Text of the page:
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Transcript
INTRODUCING THE
CHICAGO SQL BI USER GROUP
AND
BUSINESS INTELLIGENCE 101
January 17th, 2012
The Business Intelligence User Group of Chicago
Presented by: Emre Motan and ChiSQLBI Board
Agenda
Introducing the Chicago SQL BI User Group
• Introduction to PASS
• BI Professionals and Chicago
• Introducing the Chicago SQL BI User Group
• Topics of Interest for Members, Speakers, and Sponsors
Business Intelligence 101
• What is Business Intelligence?
• Microsoft BI vs. The Competition
• Components in Microsoft’s BI Stack
• Demo of SQL 2012’s PowerView application
Introduction to PASS
• The Professional Association for SQL Server (PASS)
sponsors chapters around the world.
• Chicago’s local groups include one downtown and one in
the western suburbs.
BI Professionals and Chicago
• SQL Server BI used by many companies
• SQL Server BI professionals in high demand by recruiters
• Existing PASS SSUGs in Chicago focus on DBA topics
• Existing BI groups in Chicago are multi-faceted
• Business Intelligence User Group of Chicago (Meetup.com)
• The Chicago Business Intelligence Group (Meetup.com)
• Business Intelligence Roundtable (ITA)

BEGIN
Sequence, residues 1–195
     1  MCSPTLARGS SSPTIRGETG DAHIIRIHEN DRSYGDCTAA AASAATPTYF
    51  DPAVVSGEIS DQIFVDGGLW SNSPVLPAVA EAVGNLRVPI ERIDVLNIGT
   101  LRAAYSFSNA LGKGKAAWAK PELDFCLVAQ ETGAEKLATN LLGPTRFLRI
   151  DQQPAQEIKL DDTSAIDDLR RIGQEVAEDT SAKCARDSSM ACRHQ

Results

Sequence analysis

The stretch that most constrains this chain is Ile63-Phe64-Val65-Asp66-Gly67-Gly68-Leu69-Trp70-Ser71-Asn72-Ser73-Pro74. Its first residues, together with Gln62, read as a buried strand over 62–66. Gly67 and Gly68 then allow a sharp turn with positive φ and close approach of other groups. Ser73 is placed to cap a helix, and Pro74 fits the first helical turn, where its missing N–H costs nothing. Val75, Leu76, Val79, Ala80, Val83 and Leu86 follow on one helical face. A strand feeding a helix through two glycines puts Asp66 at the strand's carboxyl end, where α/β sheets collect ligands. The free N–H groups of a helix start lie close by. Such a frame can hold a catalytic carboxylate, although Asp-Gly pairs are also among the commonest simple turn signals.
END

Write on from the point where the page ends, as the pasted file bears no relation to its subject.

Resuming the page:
• Need for SQL Server BI-focused group
The Chicago SQL BI User Group
• Opportunity for members to meet, learn, and network
• Speakers, both experienced and novice, offered chance
to present knowledge and build speaking portfolio
• Sponsors sought to provide food, prizes, and swag in
exchange for recognition
• SQL Server User Groups collaborate for events such as
SQL Saturday and the PASS Summit
Board of Directors
• Marcello Benati
• Director of BI, Rightpoint Consulting
• Jung Choi
• Data Architect, Sg2
• Tom Huguelet
• BI Architect, contextQ, BlueGranite, SolidQ
• Tom Jaskula
• Senior BI Consultant, MPS Partners
• Jake Kremer
• Solutions Architect, Project Leadership Associates
• Emre Motan
• Data Architect, Northwestern University Medical EDW
Topics of Interest (examples)
• Data Warehousing using SQL Server
• Data modeling, dimensional analysis
• Technical challenges and approaches
• SSIS
• Best practices, novel applications, data warehouse implementation
• SSRS
• Portal management, SharePoint integration, novel designs
• SSAS
• Cube development, optimization, management
• Data mining principles and applications
• SQL BI Enterprise Architecture
What is Business Intelligence?
• Philosophically, it is the process of transforming data into
information that enables valuable, actionable decisions